The UN Special Rapporteur on Trafficking in Persons, Ms. Siobhán Mullally will publish her new report at the 47th HRC. For this report on the Non-Punishment Principle in International Trafficking and Human Rights law, La Strada International submitted written input and joined a consultation earlier this year, outlining legal and practical challenges, faced by LSI members in the European context and provided recommendations for change.
Taking stock of previous research conducted under the UNSR Trafficking mandate – see the 2020 position paper on the non-punishment principle by her predecessor – this new thematic report provides an overview of the recognition of the Non-Punishment (NP) principle in various legal instruments and jurisprudence, making a link between the principle of non-punishment and States’ obligation of due diligence.
Despite its recognition in international instruments, the Rapporteur acknowledges challenges related to the application. The report does not reflect much in detail about the difficulties civil society actors face with the actual implementation of the non-punishment principle and related requests to lift administrative sanctions and detention, in particular also due to lack of awareness among legal professionals of when and how to apply the principle. Trafficked persons are still regularly punished through administrative detention, the imposition of fines, forced return and refoulement, or the prosecution for crimes which were committed as a direct consequence of their trafficking situation.
Some successful applications of the non-punishment provision do exist but these positive experiences are more the exception than the practice. LSI members in Serbia, Spain, Netherlands, Germany and Austria reported successful applications of the NP provision, concerning violations of alien law, use of false documents and offenses related to involvement in sex work. (See Annex LSI’s submission). Overall however, LSI members reported failures to apply the non-punishment for all forms of human trafficking, but in particular in cases of trafficking for forced criminality, where victims seem more automatically regarded as perpetrators.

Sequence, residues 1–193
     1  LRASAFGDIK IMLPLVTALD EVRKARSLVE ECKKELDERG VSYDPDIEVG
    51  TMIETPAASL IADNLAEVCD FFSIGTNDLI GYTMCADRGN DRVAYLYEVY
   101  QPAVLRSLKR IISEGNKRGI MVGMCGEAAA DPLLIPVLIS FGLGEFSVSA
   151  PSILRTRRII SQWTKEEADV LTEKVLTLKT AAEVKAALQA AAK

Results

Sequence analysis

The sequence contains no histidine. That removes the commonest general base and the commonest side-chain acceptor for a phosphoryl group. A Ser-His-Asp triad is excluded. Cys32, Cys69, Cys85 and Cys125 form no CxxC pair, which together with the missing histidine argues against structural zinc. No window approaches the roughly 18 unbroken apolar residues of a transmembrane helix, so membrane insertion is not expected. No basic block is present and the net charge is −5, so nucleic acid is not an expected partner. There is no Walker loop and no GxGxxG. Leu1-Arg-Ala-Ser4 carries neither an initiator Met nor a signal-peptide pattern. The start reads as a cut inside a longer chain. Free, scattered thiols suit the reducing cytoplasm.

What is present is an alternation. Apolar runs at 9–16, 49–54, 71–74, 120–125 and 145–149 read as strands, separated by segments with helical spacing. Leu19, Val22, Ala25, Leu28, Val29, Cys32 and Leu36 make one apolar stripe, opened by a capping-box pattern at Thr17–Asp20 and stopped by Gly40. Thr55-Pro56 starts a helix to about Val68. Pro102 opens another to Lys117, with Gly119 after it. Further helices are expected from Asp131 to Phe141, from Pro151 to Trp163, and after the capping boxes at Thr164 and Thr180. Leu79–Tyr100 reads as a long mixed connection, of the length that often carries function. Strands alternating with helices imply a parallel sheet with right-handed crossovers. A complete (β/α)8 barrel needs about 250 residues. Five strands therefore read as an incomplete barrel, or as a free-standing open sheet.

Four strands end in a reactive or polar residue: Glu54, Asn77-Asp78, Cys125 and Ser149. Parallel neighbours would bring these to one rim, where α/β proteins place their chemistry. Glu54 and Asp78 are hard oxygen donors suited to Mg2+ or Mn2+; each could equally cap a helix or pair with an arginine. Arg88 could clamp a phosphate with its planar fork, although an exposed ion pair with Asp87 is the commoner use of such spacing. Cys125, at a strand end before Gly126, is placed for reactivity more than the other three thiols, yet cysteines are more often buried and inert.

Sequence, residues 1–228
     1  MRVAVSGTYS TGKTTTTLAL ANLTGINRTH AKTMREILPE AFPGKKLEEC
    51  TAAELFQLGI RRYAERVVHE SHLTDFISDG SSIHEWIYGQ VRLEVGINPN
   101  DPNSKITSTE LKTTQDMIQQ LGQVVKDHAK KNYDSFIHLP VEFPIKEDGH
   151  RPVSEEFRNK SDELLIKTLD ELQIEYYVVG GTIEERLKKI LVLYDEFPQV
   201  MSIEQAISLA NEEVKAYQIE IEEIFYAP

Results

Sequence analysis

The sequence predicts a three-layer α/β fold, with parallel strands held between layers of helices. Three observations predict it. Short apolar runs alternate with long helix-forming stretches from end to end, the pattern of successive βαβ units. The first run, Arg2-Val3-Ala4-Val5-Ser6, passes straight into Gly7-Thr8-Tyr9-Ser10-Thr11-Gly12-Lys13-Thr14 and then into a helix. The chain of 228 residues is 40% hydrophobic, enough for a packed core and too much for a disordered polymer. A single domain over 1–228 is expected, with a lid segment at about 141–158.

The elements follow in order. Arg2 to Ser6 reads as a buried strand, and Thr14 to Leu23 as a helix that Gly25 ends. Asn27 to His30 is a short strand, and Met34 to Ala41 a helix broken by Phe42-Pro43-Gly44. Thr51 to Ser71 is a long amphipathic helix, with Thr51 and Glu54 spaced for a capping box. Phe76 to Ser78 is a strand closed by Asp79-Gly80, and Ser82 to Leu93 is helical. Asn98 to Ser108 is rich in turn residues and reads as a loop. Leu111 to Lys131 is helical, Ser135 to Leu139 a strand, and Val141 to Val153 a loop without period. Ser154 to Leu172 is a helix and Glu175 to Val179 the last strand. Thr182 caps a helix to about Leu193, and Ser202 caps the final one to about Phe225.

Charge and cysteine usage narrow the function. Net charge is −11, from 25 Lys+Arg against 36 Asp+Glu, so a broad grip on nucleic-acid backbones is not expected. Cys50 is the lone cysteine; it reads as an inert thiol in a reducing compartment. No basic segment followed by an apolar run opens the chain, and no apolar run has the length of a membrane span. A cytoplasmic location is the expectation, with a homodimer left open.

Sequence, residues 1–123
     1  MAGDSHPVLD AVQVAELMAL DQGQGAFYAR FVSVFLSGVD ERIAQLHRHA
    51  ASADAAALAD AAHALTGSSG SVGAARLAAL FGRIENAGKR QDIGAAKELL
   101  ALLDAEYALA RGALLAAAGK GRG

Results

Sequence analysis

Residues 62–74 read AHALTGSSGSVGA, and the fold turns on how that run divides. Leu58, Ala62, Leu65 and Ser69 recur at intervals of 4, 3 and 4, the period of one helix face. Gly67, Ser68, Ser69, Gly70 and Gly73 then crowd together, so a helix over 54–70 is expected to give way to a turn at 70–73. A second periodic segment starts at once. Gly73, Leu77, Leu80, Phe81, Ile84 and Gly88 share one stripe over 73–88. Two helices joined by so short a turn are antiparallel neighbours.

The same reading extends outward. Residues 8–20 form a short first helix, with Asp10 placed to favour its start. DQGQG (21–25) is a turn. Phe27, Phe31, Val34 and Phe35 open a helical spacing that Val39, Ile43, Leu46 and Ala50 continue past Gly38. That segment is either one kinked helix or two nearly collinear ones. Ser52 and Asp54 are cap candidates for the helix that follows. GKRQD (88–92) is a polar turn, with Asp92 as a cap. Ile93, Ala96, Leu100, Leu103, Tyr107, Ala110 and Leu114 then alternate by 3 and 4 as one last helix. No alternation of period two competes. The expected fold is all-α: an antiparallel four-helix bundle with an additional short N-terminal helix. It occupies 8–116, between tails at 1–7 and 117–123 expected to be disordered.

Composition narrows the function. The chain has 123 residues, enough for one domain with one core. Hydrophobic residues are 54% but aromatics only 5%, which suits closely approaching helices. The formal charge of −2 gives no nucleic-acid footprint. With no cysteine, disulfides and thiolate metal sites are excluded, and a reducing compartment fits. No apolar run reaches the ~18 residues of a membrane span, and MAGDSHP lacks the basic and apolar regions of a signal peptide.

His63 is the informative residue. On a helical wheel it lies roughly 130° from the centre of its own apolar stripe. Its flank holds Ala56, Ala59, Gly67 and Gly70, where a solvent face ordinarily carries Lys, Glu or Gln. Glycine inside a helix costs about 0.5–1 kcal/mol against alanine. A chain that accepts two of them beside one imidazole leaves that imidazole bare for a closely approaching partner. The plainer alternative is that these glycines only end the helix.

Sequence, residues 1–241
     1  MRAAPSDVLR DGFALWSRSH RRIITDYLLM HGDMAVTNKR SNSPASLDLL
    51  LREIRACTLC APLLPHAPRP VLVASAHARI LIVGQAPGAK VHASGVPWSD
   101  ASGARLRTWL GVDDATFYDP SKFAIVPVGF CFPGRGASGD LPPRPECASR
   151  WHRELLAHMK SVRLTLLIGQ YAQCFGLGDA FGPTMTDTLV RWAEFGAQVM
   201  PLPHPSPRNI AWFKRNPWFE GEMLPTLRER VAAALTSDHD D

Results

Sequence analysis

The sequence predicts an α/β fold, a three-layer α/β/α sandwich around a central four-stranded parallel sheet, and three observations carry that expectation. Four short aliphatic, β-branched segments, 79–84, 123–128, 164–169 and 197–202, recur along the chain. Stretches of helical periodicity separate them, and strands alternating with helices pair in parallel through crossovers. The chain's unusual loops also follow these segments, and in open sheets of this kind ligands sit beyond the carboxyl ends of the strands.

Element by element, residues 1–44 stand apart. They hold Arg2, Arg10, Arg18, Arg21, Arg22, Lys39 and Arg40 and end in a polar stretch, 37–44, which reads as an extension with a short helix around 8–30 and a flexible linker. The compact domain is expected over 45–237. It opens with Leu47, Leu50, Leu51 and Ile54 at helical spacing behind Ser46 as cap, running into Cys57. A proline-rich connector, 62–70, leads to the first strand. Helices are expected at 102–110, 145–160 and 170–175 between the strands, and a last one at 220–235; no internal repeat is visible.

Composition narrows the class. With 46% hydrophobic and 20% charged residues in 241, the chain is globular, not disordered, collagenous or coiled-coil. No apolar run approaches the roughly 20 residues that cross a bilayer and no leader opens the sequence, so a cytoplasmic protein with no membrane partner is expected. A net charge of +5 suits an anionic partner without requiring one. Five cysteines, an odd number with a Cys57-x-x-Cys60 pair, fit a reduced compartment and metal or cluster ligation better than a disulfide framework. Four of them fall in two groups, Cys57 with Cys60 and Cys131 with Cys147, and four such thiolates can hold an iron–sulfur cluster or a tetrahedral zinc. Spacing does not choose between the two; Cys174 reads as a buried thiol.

The report acknowledges that ‘failure to respect the principle of non-punishment leads to further serious human rights violations’. According to the Rapporteur, non-punishment should be understood as a compulsory tool that is required to be applied by all domestic authorities and investigative, prosecutorial and judicial authorities, when a situation triggering the application of non-punishment is first identified.
Mullally further calls for the principle of non-punishment to be applied without discrimination to all trafficked persons, including to trafficked persons seeking asylum or other forms of international protection. To further facilitate its application and avoid issues of interpretation, she also recommends a specific non-punishment provision to be incorporated into domestic legislation, favouring a causation link over a duress model and covering all types of unlawful acts. ‘These should include criminal, immigration, administrative or civil offences, and not “status-related” offences only, which should follow a full assessment of the individual situation of the victim of trafficking’ . To ensure compliance with the NP principle, the UNSR recommends that “all presumed or identified trafficked persons must be promptly removed from detention or any situation of deprivation of liberty and provided with assistance and protection”. In the report, she further calls upon States to ensure that prosecutors are under a duty to discontinue proceedings against trafficked persons for all offences committed as a direct consequence of their situation as trafficked persons.
The report was presented on 29th and 30th of June 2021 at the 47th Human Rights Council. On 30th of June 2021 a side event was organised by the UNSR and ICAT. A recording of this event will be published soon.